What is Positive Training in Puppy School?

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Who doesn’t like a smart, playful and obedient dog? We all ooooh and ahhhh over the perfectly behaved dogs playing in the park or walking along the street. But what many people don’t realise is the amount of time and effort taken to achieve this.

It is never easy to train dogs of different breeds. Each breed has different attitudes, behaviours and needs. That’s why we’re taking puppy school seriously. Have you trained your dogs and wondered if it was truly positive training?

In this article, you will learn the elements that make up positive reinforcement training in dogs. But first, let us define positive training.

Positive training can be defined in many ways. According to modern behavioural science, positive training is fundamentally about how we approach everyday communication with our dogs. Positive training aims to avoid the risk of dominance and punishment-based training. In K9 counselling, we provide gentle, effective leadership and aim to better understand the behaviour of dogs while giving them the things they need to succeed in our strange, domestic world.

There’s a lot of misconception around the concept of “positive training”. That’s why it’s important to understand the incorporated techniques, philosophies and stages of awareness on certain unclear topics about positive training to be effective and prevent mistakes.The important thing to remember is that, at its core, it uses positive reinforcement training methods whereby the dog is set up to succeed and rewarded for performing the ‘good’ behaviour.


This approach avoids the pitfalls of dominance and punishment-based training. We do not want our dog to follow us just because he is scared of what will happen if he doesn’t, right?

That’s why we are investing time, effort and money on our dogs by getting a personal dog trainer, or enrolling them in a puppy school: to nurture the harmonious relationship with our dogs.

Like humans, dogs are emotional. So, it is very important for us to consider their emotions both in training and our everyday communication with them. According to researchers, the mind of a dog is roughly equivalent to that of a toddler. Some traits are even similar to those of adult humans. So, when we’re thinking about what we should expect from our dogs, we can look to humans.

A dog has all of the basic emotions, such as joy, anger, disgust, fear, and mostly love. But dogs do not experience more complex emotions like guilt, pride, and shame. For example, you’ve come home and your dog starts sneaking around showing uneasiness, and you then find that he has left a poop on your kitchen floor. It is natural to conclude that the dog was acting in a way that shows that he is feeling guilty about his not-so-little accident. There have been many studies about this so-called “guilty look.”

Despite appearances, the majority of studies conclude that this is not guilt, but simply a display of fear. Your dog has learned that when you appear and his droppings are visible on the floor, you might punish him. What you are actually seeing is a fear of punishment; he will never feel guilt because dogs are not capable of experiencing it.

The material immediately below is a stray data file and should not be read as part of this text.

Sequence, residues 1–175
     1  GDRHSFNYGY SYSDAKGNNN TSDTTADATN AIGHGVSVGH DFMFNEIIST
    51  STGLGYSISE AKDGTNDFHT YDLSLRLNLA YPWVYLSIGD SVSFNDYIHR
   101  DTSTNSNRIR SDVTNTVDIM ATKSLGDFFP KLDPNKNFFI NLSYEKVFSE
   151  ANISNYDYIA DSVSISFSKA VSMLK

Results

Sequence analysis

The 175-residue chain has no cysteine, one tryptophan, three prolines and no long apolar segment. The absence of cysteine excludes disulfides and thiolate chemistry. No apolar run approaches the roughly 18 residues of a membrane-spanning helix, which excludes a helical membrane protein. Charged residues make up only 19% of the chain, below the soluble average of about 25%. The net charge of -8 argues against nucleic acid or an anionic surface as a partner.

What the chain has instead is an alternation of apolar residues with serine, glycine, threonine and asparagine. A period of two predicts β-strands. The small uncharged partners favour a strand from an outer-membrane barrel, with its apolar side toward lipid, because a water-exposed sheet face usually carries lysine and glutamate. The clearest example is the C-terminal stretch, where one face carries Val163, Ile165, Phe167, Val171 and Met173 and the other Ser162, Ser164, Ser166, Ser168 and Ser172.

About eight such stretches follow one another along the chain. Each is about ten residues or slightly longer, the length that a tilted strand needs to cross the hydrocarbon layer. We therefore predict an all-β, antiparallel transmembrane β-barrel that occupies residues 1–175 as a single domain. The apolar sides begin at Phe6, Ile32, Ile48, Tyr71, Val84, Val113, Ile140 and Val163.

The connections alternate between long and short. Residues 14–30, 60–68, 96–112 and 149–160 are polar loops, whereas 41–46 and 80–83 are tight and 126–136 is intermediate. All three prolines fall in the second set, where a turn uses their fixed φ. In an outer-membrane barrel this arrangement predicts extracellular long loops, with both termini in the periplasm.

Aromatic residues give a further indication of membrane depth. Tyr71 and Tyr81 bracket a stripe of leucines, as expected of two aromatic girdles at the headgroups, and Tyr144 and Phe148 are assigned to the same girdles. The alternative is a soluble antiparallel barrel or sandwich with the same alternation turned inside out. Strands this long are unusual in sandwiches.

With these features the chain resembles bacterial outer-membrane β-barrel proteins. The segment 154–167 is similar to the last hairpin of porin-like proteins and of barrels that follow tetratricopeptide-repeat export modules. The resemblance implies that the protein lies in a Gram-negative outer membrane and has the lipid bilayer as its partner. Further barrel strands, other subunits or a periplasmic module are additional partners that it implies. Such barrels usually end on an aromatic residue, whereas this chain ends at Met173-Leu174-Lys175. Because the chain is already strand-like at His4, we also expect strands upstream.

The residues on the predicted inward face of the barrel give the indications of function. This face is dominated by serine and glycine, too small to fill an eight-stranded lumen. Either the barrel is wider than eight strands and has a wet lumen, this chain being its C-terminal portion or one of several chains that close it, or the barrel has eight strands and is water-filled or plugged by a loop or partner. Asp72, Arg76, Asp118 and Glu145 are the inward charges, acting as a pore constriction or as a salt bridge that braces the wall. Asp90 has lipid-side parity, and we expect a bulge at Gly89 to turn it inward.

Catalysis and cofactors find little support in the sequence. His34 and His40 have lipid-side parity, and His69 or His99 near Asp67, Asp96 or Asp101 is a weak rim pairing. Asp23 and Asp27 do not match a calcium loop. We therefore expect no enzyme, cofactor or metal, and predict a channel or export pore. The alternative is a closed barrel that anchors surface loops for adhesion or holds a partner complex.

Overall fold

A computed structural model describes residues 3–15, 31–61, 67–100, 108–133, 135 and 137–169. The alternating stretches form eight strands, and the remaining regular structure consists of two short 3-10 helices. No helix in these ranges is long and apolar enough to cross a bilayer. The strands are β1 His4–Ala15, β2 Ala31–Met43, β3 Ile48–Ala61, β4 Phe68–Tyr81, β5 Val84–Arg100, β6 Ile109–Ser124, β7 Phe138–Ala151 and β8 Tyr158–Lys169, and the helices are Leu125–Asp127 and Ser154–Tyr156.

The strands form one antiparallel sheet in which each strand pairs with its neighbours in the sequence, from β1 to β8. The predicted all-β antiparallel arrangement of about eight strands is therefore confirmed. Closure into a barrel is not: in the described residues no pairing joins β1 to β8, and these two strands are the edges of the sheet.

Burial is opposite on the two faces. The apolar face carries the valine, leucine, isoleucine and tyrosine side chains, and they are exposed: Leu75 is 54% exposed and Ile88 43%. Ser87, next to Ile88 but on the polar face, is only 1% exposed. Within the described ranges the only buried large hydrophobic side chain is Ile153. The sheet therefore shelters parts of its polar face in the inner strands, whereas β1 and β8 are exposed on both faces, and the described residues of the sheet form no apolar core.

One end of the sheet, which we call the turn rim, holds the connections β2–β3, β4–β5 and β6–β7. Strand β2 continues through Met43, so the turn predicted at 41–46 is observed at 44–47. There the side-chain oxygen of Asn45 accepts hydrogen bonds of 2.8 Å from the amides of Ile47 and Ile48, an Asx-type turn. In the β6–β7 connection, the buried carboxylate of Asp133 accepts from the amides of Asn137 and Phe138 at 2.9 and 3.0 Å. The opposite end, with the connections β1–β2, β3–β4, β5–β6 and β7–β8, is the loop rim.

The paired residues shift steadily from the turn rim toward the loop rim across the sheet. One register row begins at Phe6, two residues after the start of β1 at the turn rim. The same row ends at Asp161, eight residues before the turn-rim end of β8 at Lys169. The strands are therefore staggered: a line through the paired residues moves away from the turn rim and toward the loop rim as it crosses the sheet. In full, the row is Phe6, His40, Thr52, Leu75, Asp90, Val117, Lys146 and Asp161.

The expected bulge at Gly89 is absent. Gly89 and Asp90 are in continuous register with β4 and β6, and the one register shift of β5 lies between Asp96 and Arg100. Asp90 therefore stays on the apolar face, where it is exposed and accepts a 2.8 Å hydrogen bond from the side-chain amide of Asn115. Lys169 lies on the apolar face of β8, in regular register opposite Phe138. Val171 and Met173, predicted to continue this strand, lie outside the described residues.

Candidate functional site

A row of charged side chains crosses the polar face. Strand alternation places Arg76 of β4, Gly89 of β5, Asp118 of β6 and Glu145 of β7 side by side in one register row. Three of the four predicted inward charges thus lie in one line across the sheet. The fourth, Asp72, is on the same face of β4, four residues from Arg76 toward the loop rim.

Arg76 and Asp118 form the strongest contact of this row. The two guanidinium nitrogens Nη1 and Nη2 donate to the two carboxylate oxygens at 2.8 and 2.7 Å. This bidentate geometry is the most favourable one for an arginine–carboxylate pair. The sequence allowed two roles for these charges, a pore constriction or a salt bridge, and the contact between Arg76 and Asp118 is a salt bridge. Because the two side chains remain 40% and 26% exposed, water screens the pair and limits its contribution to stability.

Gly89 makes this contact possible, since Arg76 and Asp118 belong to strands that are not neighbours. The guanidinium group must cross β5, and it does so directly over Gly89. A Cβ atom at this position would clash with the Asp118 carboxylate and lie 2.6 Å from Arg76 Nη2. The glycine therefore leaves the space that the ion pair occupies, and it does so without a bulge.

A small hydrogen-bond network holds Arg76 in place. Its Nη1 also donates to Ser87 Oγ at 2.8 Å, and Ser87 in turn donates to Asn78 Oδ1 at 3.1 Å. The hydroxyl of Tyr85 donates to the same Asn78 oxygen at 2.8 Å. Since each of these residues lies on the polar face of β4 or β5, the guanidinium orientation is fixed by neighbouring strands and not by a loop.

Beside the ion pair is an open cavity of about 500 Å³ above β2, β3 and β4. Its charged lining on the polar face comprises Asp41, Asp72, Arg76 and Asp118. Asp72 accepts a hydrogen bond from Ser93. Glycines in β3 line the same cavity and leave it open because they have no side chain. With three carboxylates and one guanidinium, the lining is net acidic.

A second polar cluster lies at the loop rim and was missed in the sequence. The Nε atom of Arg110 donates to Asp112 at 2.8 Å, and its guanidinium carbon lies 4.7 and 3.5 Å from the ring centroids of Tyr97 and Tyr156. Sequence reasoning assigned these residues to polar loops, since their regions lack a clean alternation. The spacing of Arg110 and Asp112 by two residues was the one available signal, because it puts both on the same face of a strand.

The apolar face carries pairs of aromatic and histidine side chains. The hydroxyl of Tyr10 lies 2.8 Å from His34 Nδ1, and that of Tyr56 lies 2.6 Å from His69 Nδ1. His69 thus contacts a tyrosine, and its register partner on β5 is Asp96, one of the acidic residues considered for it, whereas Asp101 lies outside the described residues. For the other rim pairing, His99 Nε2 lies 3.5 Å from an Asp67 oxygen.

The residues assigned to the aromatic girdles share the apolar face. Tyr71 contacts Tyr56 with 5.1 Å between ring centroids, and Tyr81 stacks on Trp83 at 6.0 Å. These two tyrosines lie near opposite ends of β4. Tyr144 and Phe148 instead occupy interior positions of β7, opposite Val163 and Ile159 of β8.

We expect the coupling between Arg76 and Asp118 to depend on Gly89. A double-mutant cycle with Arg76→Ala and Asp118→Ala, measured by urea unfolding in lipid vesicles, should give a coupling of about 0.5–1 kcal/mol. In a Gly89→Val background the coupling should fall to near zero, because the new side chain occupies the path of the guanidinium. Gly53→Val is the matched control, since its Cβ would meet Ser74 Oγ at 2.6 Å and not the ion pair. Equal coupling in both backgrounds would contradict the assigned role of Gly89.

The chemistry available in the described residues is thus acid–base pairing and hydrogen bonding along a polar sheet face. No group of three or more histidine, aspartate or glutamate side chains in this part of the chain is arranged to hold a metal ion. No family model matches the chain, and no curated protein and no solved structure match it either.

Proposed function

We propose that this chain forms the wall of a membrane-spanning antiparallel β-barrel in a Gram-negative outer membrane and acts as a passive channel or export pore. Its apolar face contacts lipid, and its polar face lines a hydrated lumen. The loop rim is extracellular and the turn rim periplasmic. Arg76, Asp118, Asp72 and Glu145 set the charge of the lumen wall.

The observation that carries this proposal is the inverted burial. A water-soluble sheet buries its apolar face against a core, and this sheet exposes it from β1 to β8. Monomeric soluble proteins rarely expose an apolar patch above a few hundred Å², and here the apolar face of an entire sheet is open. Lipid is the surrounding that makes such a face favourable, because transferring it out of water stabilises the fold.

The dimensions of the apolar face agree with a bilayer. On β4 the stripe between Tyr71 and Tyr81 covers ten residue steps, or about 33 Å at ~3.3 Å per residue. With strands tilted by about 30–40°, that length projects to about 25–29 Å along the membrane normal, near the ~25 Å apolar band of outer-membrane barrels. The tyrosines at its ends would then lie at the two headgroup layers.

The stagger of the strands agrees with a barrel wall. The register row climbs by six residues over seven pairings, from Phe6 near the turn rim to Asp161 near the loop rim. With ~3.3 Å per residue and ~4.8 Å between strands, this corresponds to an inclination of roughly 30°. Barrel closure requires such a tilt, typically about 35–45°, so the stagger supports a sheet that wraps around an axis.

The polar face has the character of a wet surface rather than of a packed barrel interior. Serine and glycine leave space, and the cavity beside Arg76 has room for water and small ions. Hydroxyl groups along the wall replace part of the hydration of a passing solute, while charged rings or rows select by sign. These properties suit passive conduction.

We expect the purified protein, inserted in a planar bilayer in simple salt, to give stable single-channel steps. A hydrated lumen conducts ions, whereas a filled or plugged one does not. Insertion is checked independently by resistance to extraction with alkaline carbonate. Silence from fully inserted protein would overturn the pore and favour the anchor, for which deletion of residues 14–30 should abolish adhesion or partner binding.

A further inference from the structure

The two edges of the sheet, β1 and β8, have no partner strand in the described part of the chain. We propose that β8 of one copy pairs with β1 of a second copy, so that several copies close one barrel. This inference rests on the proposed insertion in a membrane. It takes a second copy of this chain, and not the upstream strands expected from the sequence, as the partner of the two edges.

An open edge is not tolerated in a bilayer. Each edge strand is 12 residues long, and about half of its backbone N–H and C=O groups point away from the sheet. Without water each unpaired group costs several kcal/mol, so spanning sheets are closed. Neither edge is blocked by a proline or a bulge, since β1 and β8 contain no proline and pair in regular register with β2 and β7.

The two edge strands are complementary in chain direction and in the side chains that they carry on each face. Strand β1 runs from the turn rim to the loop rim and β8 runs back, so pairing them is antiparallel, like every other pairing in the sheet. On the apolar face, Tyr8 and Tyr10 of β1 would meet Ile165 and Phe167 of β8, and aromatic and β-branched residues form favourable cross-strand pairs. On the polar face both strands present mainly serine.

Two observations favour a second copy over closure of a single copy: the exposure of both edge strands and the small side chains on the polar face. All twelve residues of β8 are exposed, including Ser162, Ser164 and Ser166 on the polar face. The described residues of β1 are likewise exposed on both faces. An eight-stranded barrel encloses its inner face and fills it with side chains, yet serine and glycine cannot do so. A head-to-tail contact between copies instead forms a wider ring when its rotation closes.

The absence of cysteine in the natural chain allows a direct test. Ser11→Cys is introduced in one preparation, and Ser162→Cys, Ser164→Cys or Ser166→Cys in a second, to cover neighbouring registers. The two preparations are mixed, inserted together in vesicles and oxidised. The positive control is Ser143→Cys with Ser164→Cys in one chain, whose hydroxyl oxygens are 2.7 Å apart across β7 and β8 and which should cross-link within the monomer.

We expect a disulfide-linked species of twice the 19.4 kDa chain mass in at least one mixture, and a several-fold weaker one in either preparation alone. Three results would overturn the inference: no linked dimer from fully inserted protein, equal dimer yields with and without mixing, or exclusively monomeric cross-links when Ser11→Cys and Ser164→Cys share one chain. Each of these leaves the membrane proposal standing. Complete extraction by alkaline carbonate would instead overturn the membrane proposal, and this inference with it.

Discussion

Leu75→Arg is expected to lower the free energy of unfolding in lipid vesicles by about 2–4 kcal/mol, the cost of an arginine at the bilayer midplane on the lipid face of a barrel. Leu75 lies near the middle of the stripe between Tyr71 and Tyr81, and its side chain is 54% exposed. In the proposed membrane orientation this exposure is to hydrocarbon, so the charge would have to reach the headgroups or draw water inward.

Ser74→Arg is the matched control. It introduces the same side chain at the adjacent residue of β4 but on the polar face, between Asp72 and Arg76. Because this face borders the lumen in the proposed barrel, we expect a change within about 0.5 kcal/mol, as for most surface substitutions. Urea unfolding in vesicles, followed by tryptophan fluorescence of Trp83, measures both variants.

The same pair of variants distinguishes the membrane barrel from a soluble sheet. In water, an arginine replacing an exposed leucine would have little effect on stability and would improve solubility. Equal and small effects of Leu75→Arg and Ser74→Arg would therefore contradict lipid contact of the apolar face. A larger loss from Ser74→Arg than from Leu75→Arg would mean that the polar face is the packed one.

Dogs are different from humans, who sometimes need to go through the worst times or situations to learn from their mistakes. By contrast, dogs need gentle care and love. And we’re not talking about “tough love”; in this situation, only “positivity” can be associated with this “love”.

Positive training is the best way to train dogs successfully. To further understand positive training, below are the four pillars of positive training:

  1.       Use positive reinforcement
  2.       Avoid the use of intimidation, physical punishment or fear
  3.       Understand the misconception of dominance theory
  4.       Learn about the canine experience from the dog’s point of view

Use positive reinforcement.

Positive reinforcement is considered as the most effective, long-lasting, humane and safest method in dog training by the behavioural science community. Positive reinforcement means that you reward the behaviour you like and, as a result, encourage the desired behaviour to be repeated. With reward training, you simply ignore the “unwanted” behaviours. If a dog isn’t rewarded for the behaviour, they generally stop doing it. Remember: positivity is always better than negativity.

Avoidance of punitive method:

No matter how minimal the punishment you give your dogs, it is still more humane to reward than to punish. Punitive training techniques on dogs make already aggressive dogs more aggressive. It won’t help you discipline your dogs.

Understanding dominance:

Changing behaviour using a framework of dominance can pave the way to dangerous aggression. The most important thing for a dog owner to know is that any bad behaviour of their dog is actually very rarely a result of them attempting to assert dominance over their human. Sincerely understanding dominance is a fundamental key to unlocking the power of positive training.

Using the dog’s point of view:

You cannot build a strong bond with your dog unless you truly understand how he perceives things around him, but to do this effectively you must first learn his language.

Summary

We might encounter different terms to describe positive training, however, the overall message of this philosophy is that it is more effective and humane to reward our dogs than punish them. The more we reward them, the more chance the desired behaviour will be repeated. To successfully do this, it is necessary to understand our dog’s point of view and why the dominance theory should be avoided. Remember: positive inputs produce positive outputs.

Why not come and join Mark at our Puppy School

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